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Writing

Mrs. So And So

Hot wind. Now I’m home.

Watermelon rose tea too.

Southern wife, sweet life.

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Uncategorized

Fitting Ghost

I knew you were true so I boiled inside just looking at you.
Content believing anything outside an adulterer was a solid significant other.


Though, while you were here, I was so so sad, finding myself trailing the house like a sleepwalking phantom. Too exhausted to remember not to be found where I ought not. You married a ghost–a ghost that is so fitting for your temperament.
An eclipse of my whole self.
The listlessness an appropriate darker side.
Where you vowed to stay forever and guard it.
A flag on a shifting side of my moon, determined to be in shadow. While the war on earth began.
The trumpet marking the start of carnage was all of humanity showering my sunlight with arrows. A few billion lanses.

—-

I tilted my head forward a few inches to feel heat cloak my face and steam roll down to my collarbones. I inhaled the fiery gas and it burned through my nose hairs and throat. Like something more than water going through me. Looking into the shiny steel pot I saw flesh double over and whine. The meat would be nearly finished soon so a half sprig of thyme would need to be thrown in. Perfect timing!

“Hon, will you hand me the thyme from the cabinet?”


“What would you have done had I not come into the kitchen?

“Please. This morning is sweet. Just pass the thyme. Please…”
She passed it, but not without something to say about it.

“I’m wondering about that shelf you mentioned a few nights ago. The floating bookshelf?” She pauses waiting for me to respond to something that isn’t actually a question. “The one with the marbled plexiglass?”

I loathe that, regardless of being told a million times over, she insists on believing that if she simply inflicts her tones a certain way, she can goad people into answering for things like a guilty child. She intends to make me speak like a toddler on display because I have frustrated her by something as simple as dry herbs.

“Well, all I’m saying is you look like the proper lumberjack. It’d be nice to get some handiwork out of you is all. Not that I don’t enjoy you making organic food for the dog. It’s just…”

This little dance was the most tiring. I didn’t mind the mother-in-law-like nitpicking or the insinuation that me taking a while to build another bookshelf in the house that I built from scratch with our contractor made me less of a man. And of course I cook my dogs food from scratch. He’s a pure breed for goodness sake! But as is the nature of the storm that is my wife, a purposeful drip can be more uncomfortable than water boarding.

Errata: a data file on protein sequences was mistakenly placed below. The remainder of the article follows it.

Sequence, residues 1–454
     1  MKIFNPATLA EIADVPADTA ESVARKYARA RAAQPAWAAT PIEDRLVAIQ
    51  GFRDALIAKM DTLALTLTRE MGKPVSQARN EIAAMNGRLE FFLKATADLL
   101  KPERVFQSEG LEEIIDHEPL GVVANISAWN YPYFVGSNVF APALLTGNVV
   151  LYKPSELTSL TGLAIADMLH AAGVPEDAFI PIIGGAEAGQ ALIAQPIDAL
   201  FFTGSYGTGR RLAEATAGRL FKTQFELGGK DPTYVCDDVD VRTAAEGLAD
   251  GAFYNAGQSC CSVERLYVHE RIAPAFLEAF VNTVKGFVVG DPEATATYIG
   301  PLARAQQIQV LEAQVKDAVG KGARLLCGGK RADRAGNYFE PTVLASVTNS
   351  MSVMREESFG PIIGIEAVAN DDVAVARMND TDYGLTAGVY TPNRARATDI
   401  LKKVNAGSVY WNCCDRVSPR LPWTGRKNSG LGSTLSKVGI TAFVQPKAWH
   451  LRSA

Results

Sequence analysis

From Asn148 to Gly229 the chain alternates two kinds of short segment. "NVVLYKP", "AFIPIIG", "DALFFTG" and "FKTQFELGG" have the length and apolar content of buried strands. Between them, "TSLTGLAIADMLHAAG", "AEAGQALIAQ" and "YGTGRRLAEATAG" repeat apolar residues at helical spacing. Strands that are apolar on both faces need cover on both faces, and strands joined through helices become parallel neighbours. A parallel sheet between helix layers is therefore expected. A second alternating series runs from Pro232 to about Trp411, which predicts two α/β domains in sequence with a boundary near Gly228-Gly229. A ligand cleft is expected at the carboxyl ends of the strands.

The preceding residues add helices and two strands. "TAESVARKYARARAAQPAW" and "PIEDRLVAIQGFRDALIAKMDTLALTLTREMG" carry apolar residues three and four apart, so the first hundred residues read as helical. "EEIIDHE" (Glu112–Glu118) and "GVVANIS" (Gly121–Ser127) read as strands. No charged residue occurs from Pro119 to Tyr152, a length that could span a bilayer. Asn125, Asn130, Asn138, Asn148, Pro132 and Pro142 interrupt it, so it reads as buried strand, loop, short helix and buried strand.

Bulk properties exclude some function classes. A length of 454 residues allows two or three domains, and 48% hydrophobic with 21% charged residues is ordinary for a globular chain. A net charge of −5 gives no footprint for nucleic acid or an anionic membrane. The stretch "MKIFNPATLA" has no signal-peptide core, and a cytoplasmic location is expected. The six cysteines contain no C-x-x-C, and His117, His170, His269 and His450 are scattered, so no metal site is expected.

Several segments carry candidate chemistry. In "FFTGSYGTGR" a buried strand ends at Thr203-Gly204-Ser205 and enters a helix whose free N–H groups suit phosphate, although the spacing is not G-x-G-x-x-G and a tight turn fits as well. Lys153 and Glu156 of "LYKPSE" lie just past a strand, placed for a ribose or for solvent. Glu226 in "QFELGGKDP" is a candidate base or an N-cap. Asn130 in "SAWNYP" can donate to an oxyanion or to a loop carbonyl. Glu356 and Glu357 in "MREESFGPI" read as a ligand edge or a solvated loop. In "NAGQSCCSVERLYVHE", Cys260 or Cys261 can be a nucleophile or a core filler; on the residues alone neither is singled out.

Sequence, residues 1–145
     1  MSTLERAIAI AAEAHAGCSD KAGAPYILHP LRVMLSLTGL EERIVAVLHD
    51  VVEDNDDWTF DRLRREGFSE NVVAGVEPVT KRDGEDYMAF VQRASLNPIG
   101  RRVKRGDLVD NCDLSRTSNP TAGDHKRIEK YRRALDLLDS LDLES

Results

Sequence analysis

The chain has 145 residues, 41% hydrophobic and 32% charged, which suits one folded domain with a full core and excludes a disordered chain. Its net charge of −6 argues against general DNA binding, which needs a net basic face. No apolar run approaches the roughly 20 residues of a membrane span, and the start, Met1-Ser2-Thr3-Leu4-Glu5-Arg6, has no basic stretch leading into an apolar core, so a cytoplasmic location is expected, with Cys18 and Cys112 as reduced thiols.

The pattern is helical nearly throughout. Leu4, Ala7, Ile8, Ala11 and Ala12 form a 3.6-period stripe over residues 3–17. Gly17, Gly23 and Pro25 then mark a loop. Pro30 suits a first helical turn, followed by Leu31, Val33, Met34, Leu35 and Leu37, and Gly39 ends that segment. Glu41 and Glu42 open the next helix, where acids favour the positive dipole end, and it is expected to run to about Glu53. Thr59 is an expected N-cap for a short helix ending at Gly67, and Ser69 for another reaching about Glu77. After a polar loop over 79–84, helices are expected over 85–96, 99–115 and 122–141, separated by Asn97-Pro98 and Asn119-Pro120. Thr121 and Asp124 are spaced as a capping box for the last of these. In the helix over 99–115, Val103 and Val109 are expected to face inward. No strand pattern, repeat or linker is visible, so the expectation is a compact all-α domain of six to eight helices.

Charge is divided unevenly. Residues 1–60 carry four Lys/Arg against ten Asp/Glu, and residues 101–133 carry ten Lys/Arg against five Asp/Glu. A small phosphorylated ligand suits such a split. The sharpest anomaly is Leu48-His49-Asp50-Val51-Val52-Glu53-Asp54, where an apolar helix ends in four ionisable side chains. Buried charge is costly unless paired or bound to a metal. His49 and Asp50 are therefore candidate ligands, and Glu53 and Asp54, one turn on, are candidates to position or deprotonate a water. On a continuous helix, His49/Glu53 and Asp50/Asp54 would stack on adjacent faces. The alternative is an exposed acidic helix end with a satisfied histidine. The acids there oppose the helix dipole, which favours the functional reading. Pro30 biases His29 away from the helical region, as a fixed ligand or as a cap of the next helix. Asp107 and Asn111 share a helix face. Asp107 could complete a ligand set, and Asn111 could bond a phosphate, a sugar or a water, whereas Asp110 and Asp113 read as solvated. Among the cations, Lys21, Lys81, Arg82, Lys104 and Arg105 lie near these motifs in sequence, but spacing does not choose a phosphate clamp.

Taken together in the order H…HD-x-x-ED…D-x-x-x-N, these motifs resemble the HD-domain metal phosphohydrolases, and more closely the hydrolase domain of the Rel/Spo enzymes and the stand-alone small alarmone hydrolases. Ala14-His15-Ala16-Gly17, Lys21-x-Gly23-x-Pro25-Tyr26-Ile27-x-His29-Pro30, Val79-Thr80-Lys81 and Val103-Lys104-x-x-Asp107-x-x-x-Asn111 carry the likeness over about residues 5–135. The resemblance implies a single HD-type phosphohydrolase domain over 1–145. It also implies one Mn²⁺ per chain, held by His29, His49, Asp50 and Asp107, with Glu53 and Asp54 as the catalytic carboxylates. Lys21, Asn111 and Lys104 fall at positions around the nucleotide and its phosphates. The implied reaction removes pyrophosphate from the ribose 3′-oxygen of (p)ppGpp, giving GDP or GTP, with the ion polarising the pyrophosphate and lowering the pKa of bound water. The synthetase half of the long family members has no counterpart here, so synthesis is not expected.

But I told her the same thing I told my sister and mom when they asked. “Hon, you are worth every drop of effort.” And it remained true as long as I kept saying it out loud. One day I wouldn’t have to say it at all. That’s my hope. Everyone married over twenty years says it just gets easier after that. We’re six years in and I’m wishing I could time-lapse the next fourteen years. “And you look hot as hell today!”

That seemed to please her and she waltzed out of the kitchen. If it weren’t for the way we level out in bed, I don’t know how long I could’ve kept this up.

“Honey, I’m here for you,” I call after affectionately.

“Well it’s like being here with a ghost!”

Categories
creative nonfiction Writing

Shards Will Nestle the Marble

I fear, on the day of my wedding, we will drop our glass and won’t care where the shards fly. We’ll receive the news. It will be time for us to leave to the wilderness. I’ll be shocked at how irrational I feel, but I’ll be upset–so upset I will refuse to flee in time. I won’t forgive myself if I miss a dance with my father. We sometimes speak on the phone. I feel the fizzing ringer and the phone lights itself. I do some smalltalk with him until nearly twelve minutes when, once again, I see we are both are so keenly aware we have failed where we could’ve connected. It would kill him just as much to miss the father-daughter dance.

We might just take those moments to sway while boulders ripple the ground in vibrations around us. Something metallic sounds like it could hit us next time. Each time we hope its the next time and not this time. Our audience will be partially made up of those crying and looking for cover. The rest will be made up of those too enthralled by the issues of others, they will risk their safety to see us. “They waited until the very last moment to admit there was a gap between.” We will spin both in our favor. They are here to see us.

So my romantic half… Who is to say he doesn’t also see himself waiting for the fall of boulders to stop him from marrying me. Until I know him, I can count on what I have. And I am still imagining what isn’t quite here. So I feel no guilt wanting all the romantic pleasantness even if we are running out of serious time. It feels like as I lay here, looking out at the orchid leaves in the midnight lights, it doesn’t make sense this desire should be off limits. Can’t we all want different things? When I am considering what I personally want, to hell with progressiveness! And never come back!

I know one of the songs I will dance to (even if it has to be with my father): “You are the Ocean” by Phantogram. Even if the song is in my head or I hum it while I cry.

“He loved me. Because he loved me, he waited to hold me. He waited. He waited. And when he finally, finally, finally finally did hold me, there was warmth and acceptance and understanding and purity.” – I cannot remember if I wrote this line or read it.